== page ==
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Meet Tony Bucci

Today we’d like to introduce you to Tony Bucci.

Every artist has a unique story. Can you briefly walk us through yours?
I started Broken Field Runner as a solo or side-project in the fall of 2012 when finding consistent members for the bands that I played in before it became unsustainable. At that time I was located in Upstate New York, had just finished graduate school, and had already seen all of my friends and contemporaries either begin playing much larger venues all over the world or settle down, get real jobs, get married and have children, giving up indie music altogether. Instead, perhaps as a glutton for punishment, I continued to play coffee shops, house shows, and small venues in the college town Albany where I had moved to go to school. The band expanded to a full lineup when the question “where’s the rest of your band?” was asked one too many times, but I think deep down I always felt more comfortable in a “band” environment where I could lean on the others for validation and support when I felt at my most self-deprecating or insecure.

We toured the east coast several times, did a short tour of Ontario in eastern Canada, released a full-length record called “Clear A Heaven So This Earth Can Breathe” and a split 7″ with Gift Horse on Secret Audio Club Records while headquartered in New York. I relocated to Los Angeles alone a little over two years ago just before the release of 2017’s “Heavy Hanging Fruit,” and since then live and studio versions of Broken Field Runner have included members of Drug Church, Self Defense Family, Young Culture, Aficionado, and Nxnes. We went to South by Southwest in 2017 and continue to play as often as we can between Van Nuys and Tuscon, as a three-piece (guitar, bass, drums) or alone (electric guitar and occasionally drum machine/sampler). The music has been described as “sullen and forthright, Broken Field Runner’s plaintive story-telling can come in waves of bouncy power-pop, on weighted slogs of tortured slow-core, or accompanied by the wince and wallow of an acoustic guitar on the verge of tears.”

Since moving to LA, I’ve been writing and recording alongside a singer-songwriter named Laura Murphy, also formerly of Upstate NY. Laura played bass on the full-length record “Lay My Head Down” which will be out in the Spring/Summer of 2019 on Jetsam-Flotsam Records. She contributed two full songs to the album: “Soft Pink Hands” and “Heat” and has played a dozen or more shows with us in the Southwest since 2017. She is taking some time away from the project to concentrate on work and the music she’s been making with her fiancee Jordan Lawlor (J Laser, M83), but I think it’s best to mention her here because of the fingerprint she left on this last batch of recordings. I can’t thank her enough for helping me actualize my vision throughout our time playing together.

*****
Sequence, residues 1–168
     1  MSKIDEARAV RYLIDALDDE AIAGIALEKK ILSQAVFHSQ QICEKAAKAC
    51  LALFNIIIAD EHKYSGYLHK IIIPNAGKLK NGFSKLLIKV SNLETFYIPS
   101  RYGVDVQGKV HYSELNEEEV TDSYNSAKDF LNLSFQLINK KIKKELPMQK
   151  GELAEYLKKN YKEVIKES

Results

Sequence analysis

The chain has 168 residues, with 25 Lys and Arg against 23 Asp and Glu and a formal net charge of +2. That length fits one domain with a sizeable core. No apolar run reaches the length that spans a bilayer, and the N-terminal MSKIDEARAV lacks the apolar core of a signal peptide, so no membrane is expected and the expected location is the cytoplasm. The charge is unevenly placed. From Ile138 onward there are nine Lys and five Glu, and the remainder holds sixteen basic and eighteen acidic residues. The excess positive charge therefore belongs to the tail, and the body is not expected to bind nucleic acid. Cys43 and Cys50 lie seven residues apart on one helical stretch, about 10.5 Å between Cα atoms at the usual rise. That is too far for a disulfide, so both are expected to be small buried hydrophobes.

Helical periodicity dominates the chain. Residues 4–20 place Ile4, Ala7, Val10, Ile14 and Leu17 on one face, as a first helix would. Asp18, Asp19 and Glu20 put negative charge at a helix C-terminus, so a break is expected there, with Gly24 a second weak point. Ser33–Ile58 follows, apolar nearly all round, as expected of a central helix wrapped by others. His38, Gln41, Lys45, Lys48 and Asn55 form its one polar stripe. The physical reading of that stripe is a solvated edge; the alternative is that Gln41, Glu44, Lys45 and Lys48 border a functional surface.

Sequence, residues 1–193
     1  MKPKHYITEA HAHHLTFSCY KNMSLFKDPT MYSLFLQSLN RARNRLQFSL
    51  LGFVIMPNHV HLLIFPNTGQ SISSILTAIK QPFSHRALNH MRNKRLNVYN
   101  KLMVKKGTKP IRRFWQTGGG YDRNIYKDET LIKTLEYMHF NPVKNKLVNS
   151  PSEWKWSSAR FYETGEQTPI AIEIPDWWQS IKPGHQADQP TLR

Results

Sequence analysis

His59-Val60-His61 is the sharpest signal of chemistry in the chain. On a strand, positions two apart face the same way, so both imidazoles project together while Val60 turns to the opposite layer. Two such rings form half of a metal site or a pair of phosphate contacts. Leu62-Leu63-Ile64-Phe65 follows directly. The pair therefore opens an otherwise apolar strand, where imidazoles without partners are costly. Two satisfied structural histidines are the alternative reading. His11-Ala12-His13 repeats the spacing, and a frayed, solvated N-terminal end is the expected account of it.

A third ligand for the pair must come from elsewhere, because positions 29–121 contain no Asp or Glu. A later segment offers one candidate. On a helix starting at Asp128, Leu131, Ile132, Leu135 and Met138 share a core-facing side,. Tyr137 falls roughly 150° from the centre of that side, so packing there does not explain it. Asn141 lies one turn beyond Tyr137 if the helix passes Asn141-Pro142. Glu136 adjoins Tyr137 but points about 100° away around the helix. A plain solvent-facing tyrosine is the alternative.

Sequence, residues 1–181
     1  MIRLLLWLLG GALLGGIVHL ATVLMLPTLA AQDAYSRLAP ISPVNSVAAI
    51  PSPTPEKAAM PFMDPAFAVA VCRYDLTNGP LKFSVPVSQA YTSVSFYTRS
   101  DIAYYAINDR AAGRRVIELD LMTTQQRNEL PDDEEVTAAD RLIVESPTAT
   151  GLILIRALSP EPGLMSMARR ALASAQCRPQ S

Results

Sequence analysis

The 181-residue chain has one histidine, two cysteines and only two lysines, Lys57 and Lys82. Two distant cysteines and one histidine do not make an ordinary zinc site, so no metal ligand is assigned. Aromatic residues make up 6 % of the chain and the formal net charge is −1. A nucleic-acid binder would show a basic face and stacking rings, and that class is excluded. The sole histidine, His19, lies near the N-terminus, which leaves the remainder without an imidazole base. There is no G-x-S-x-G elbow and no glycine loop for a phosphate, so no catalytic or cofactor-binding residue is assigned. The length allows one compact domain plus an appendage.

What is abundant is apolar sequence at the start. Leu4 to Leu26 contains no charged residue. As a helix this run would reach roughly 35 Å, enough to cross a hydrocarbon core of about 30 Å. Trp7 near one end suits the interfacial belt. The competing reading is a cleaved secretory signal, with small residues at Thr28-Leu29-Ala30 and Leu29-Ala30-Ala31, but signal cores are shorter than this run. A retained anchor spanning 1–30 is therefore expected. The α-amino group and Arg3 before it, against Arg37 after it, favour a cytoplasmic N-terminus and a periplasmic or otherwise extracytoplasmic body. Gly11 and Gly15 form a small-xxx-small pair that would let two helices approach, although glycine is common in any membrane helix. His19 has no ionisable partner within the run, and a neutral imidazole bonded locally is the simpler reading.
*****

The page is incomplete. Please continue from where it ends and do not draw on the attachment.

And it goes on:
Please tell us about your art.
I am a musician, but I’ve always thought of the music as secondary and the poetry or story-telling, the lyrics or message as the main objective. I didn’t begin actively learning how to play the guitar until I was 19 years old for this reason, and have always treated instrumentation as a vessel for the lyrics themselves. I am a collector of stories, and as such, the art I create is an attempt at slice-of-life realism, a magnification of the lives of junkies, bastards, bigots, outcasts, die-young-and-leave-a-pretty-corpse nihilists, reformed idealists, and those who’ve already lived hard, who’ve already grown embittered, but the hits just keep on coming no matter what.

In songs like “Clear A Heaven So This Earth Can Breathe” and newer songs like “Millennial Pink” and “Man Plans (Now You Have Something Too)” I attempt to have political conversations with the listener by amplifying my deepest fears. In songs like “Good Grief” and “Heavy Hanging Fruit,” the aim is to tell a complete story, start to finish, from the first chord to the last gasp of air. I have attempted to tackle through song, with varying degrees of success, topics like transgender access to organized religion, the loss of a child, the cycle of addiction, the grieving process, empathy for the criminal, the monster, the murderer, and exorcising demons through the creation of art. Borrowing heavily from the legacy of true story-tellers like Nina Simone, Neil Young, Nas, Johnny Cash, Gil Scot-Heron, David Bazan, Jim Croce, Conor Oberst, Kendrick Lamar, Elliott Smith, and host of other musicians whose impact on my song-writing is difficult to explain and perhaps harder to measure, my main goal with writing is to feel affected and in so-doing to move others. For better or for worse.